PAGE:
Large U.S. stocks have notched a mostly stellar performance since their post-financial-crisis rebound, beginning in March 2009. However, the same can’t be said for emerging market stocks.
The Financial Times Stock Exchange emerging index has declined about 15 percent over the past five years. The index tracks large- and mid-capitalization stocks based in 21 emerging markets.
The largest emerging-market country weightings in the FTSE index includeChina, India, Taiwan, Brazil, Mexico and South Africa. The index also tracks countries in Eastern Europe and the Middle East.
A number of factors determine whether a market is considered developed or emerging. For example, emerging nations often have fewer financial-market checks and balances, relative to those in developed countries. Banking and regulatory systems often lag, and these nations may be politically and economically unstable, at least to some degree. That adds up to investors demanding a higher return for taking more risk than with Apple (AAPL), Exxon Mobil Corp. (XOM), Microsoft Corp. (MSFT), Johnson & Johnson (JNJ) or General Electric Co. (GE).
Most investors understand intellectually that risk and return are related. But should they continue holding an asset class, such as emerging-market equity, that is suffering a prolonged slump?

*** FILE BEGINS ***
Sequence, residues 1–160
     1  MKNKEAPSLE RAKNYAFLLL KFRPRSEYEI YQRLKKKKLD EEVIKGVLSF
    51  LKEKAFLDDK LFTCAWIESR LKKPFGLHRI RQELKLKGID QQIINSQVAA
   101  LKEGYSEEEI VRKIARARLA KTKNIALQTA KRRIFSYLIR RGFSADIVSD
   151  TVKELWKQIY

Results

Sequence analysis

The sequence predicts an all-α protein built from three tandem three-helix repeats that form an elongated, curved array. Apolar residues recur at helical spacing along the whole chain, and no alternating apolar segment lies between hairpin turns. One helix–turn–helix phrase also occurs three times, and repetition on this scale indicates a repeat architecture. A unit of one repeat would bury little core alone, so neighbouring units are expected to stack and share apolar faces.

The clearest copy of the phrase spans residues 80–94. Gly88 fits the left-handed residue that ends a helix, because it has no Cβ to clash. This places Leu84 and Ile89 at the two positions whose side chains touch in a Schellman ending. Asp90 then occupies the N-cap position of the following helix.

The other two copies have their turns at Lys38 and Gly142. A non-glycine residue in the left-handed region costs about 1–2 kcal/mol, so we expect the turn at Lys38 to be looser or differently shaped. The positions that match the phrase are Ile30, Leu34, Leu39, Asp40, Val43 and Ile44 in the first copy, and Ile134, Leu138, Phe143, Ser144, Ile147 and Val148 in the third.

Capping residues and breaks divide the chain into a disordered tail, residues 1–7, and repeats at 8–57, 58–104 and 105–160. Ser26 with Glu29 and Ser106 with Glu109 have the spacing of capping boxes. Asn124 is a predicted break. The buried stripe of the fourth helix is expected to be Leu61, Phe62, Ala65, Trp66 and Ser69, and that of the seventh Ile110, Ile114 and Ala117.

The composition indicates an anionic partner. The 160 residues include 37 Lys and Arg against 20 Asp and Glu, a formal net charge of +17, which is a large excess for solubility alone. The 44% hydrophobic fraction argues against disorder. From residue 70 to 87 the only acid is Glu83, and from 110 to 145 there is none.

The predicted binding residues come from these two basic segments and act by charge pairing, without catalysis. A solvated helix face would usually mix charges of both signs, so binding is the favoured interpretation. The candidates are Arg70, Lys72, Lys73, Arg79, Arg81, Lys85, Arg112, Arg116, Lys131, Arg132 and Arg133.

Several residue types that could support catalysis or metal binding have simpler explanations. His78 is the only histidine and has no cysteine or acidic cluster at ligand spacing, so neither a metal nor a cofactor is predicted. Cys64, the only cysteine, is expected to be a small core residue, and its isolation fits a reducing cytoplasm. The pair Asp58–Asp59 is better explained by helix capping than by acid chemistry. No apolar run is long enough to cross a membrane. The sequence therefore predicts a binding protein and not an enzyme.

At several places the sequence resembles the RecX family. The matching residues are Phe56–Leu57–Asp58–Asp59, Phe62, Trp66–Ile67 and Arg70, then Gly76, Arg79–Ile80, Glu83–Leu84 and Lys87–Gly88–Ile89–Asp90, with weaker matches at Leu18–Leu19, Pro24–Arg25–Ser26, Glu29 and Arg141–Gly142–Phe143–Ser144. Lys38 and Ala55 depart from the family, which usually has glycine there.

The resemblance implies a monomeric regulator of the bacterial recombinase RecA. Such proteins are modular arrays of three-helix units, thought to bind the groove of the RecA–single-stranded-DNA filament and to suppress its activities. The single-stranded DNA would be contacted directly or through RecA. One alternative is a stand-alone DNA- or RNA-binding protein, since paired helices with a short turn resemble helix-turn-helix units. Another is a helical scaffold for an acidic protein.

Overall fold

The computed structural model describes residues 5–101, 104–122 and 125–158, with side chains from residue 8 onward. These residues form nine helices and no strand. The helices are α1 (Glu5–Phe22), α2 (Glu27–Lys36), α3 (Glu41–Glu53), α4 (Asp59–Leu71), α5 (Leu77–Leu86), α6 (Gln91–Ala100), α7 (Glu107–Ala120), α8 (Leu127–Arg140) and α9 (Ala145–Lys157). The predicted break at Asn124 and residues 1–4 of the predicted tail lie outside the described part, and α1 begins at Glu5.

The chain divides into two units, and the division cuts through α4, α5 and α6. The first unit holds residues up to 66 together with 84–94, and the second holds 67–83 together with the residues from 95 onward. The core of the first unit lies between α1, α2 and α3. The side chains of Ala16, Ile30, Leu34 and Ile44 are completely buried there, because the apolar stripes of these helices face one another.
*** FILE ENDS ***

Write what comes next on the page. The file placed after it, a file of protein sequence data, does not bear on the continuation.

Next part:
“I believe that long-term, growth-oriented investors should have emerging market exposure,” says Ryan Wibberley, CEO of CIC Wealth in Gaithersburg, Maryland. “As the more developed economies continue to mature, the growth rates from these places are most likely going to be lower than the rates found in some emerging economies.”
In a diversified portfolio, all asset classes generally don’t move in the same direction at the same time. That lack of correlation tends to smooth returns, but it also worries investors who don’t like seeing any of their holdings heading south, especially over several years.
However, financial advisers say it helps to keep long-term goals in mind when evaluating any particular asset class. From there, an investor can determine what is appropriate for his or her situation.
“An investor with a long horizon and high risk tolerance can hold a diversified group of emerging market ETFs that filters companies for attractive attributes, such as low volatility,” says Chuck Self, chief investment officer of iSectors, anexchange-traded fund strategist in Appleton, Wisconsin.
Self says retirees, who frequently opt for income-paying investments, may find that some emerging-market funds fit the bill. For example, he cites the WisdomTree Emerging Markets High Dividend Fund (DEM) as an ETF containing high-quality companies that pay high dividend yields.
Scott Kubie, chief investment strategist at CLS Investments in Omaha, Nebraska, says investors who turn their back on emerging markets may forego gains over time.
“Emerging markets represent a large and important part of the investment universe. A portfolio without any emerging-markets exposure would not have investments in China, Mexico or much of Eastern Europe. Investors who pass up potential opportunities in emerging markets will miss out on the opportunities in these markets,” he says.